Summer at Creo: The Chef vs The Menu
When I was first approached with an invitation to try some of the new dishes on the summer menu at Creo, the restaurant’s PR agency asked what I thought about the idea.
I thought they were brave.
And I told them that much, but they were confident in what chef Brian Bowden had put together. While they recognized I was tough, they also knew that I was fair, and were undaunted by my warning. After all, the not-so-positive experiences I’ve had with the restaurant in the past were all before he took control of the stoves.
Cap2Cap was there taking pictures of the food and tasting along, so you can click over to her blog to actually see the things we ate. Since we were trying to sample multiple dishes, chef Brian prepared smaller versions of each item, so please keep that in mind when looking at the photos. Also, for the sake of full disclosure, we paid nothing for our food (and one glass of sauvignon blanc each) but did leave a gratuity for our waitress. If you think getting free food affects my judgement, then I invite you to read on.
Now that we’ve gotten that out of the way, I want to tell you a secret.
I love chefs. The best part of the evening was getting a chance to sit down with chef Brian and learning more about what he’s trying to do at Creo, the challenges he faces, and the exciting things he has planned for the weeks and months to come.
The second best part was the watermelon salad. But I’ll get to that in just a minute.
Chef Brian has been at the helm of Creo now for over a year, and I know he’s made some changes. So towards the end of the meal, when I looked at the dessert menu, I was a bit disheartened to find one of the worst desserts I’d ever experienced still on the menu: the deconstructed key lime pie. It turns out I’m not the only one who dislikes the dish. Chef Brian took it off the menu when he came on board, and it stayed off for a year until customer demand recently brought it out of retirement.
Luckily a new pastry chef is coming on board, and the dessert menu will be changed once again. Because that thing really needs to go away.
This idea of customers driving what’s on the menu first came up earlier in the evening. We had sampled a halibut dish which made it onto the summer menu based on its performance as a special. People loved it. I liked it. But mostly I thought it suffered from being overwrought.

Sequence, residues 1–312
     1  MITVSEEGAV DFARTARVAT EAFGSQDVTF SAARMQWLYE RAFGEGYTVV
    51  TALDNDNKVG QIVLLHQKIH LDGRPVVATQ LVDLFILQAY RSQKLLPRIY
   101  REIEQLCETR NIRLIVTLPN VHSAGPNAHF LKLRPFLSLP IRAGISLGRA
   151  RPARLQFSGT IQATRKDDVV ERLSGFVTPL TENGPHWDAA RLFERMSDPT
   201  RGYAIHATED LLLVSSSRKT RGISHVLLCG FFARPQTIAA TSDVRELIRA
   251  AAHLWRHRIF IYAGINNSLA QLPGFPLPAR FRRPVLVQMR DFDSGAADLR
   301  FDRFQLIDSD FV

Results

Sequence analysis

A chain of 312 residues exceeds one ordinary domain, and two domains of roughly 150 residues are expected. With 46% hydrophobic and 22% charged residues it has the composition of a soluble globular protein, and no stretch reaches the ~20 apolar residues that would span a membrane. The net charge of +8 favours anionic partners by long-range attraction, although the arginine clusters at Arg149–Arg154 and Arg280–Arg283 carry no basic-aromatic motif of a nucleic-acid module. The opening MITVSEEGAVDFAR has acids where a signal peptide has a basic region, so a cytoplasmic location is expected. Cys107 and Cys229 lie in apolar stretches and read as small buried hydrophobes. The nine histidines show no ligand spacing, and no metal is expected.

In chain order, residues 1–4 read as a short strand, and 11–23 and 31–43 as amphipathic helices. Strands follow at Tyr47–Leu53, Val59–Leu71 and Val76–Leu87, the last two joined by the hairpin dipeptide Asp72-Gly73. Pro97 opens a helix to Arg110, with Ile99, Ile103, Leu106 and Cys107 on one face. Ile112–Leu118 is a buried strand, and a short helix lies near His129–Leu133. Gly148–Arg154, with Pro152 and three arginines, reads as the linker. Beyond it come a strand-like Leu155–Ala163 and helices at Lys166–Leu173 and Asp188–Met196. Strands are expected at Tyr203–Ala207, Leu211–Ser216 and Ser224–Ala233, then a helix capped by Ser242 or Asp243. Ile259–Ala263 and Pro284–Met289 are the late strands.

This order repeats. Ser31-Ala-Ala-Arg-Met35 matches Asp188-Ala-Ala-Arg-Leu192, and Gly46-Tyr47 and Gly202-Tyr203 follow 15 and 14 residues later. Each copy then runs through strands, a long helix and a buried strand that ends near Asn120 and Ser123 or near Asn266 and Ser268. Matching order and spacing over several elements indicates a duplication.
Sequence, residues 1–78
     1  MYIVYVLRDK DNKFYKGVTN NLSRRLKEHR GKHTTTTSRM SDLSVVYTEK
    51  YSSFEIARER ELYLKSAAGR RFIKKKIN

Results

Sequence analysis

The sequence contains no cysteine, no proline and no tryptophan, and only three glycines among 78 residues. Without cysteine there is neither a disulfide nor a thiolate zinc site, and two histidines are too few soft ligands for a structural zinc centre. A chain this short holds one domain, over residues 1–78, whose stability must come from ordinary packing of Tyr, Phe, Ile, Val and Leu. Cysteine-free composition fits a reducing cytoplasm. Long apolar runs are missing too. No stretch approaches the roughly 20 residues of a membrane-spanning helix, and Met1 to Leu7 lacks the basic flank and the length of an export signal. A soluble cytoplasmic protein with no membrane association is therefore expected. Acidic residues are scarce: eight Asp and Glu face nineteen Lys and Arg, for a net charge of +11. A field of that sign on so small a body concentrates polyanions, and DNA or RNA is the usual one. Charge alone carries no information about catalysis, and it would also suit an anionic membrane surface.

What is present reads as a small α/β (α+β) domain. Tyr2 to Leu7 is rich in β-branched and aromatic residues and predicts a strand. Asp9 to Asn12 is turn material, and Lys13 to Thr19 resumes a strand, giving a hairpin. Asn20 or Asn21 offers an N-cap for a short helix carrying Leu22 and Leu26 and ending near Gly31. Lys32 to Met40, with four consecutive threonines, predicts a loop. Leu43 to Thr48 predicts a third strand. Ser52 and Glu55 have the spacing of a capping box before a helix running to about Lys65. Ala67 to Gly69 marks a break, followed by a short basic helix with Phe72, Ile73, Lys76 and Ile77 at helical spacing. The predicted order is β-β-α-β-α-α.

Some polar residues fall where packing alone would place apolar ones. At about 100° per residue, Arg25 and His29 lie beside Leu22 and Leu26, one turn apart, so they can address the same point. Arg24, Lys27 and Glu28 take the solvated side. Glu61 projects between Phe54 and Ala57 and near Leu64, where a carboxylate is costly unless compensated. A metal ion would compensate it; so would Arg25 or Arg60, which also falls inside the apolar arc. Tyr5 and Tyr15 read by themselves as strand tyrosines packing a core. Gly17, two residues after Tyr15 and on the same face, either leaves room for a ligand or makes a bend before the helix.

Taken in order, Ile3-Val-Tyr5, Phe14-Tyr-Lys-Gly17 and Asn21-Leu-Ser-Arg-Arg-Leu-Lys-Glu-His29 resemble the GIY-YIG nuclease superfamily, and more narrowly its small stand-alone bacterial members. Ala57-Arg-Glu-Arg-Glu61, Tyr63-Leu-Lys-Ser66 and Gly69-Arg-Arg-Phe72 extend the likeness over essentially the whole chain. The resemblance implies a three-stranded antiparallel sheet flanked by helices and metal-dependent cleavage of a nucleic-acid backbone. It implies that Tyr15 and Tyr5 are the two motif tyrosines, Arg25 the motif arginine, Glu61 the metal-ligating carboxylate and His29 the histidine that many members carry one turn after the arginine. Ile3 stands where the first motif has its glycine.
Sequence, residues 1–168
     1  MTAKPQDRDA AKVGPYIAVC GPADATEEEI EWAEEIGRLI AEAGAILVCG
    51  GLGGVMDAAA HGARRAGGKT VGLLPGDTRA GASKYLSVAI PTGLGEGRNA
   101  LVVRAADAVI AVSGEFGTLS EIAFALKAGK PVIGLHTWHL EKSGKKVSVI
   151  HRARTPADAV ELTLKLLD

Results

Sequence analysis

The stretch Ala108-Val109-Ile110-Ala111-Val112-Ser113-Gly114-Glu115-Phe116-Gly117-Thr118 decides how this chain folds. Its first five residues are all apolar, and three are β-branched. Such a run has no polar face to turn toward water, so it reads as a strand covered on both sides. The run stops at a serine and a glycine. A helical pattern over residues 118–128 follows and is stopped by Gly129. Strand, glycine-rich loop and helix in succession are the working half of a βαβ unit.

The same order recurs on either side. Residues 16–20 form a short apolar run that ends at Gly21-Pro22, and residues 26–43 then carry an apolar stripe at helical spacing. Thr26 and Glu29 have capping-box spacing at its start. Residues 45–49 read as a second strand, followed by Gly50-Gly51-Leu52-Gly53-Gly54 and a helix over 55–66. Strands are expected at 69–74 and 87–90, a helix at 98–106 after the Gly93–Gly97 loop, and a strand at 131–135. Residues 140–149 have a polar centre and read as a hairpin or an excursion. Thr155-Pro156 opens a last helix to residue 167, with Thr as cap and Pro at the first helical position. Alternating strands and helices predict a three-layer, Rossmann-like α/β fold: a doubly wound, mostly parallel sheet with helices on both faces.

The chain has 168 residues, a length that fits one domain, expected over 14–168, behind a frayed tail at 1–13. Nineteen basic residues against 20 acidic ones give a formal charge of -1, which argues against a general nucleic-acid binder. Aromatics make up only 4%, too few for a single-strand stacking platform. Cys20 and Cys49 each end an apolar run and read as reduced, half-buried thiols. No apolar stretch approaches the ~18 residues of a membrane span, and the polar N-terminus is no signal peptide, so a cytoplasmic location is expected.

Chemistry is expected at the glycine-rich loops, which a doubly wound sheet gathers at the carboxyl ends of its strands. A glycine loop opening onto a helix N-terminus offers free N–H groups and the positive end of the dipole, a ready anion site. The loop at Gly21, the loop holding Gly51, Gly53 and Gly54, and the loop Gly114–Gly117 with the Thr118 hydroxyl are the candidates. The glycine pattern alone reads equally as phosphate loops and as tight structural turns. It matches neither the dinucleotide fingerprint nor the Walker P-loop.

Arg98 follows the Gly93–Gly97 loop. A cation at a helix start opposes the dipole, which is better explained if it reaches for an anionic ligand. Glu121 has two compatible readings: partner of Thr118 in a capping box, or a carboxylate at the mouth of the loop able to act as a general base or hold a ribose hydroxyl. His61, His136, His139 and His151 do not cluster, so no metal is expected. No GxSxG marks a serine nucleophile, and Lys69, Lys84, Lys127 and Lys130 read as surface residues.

It was a well seared piece of halibut, sitting in a sweet corn puree, with some wilted cherry tomatoes, crisp haricot vert, and an earthy fingerling potato. On its own it would have been great. But it was then needlessly topped with a tartar sauce and a small nugget of lobster meat.
The dish already had a creamy component in the form of the corn puree, and the tartar sauce only served to dull and mask the flavors of the dish. The lobster added little beyond a splash of color, a centimeter of height, and the illusion of this being a much more expensive entree. But patrons of Creo apparently love that lobster and tartar sauce. And I have no idea what to do about that.
I also thought it was interesting in talking with chef Brian that his original idea for this dish was to fry the green beans tempura style. This didn’t happen because of the executional realities of working with many cooks on a fifty-foot line. But it’s fascinating to discover that there are some complicated things that are easier to pull off in a smaller kitchen. It makes sense and it’s a good piece of information for me to keep in mind.
Executional realities also make it extraordinarily hard to create a summer menu at the end of May. I was curious how one goes about doing this before the season’s vegetables even start arriving from local farms.
The answer is experience, of which chef Brian has plenty. What I really look for in a seasonal menu is produce that is in the height of season. But that changes weekly, and in some cases daily. This is really the role that specials play for Brian at Creo. They allow for this kind of added flexibility, while still keeping a fixed summer menu that focuses more on lighter foods with more seasonal flavors.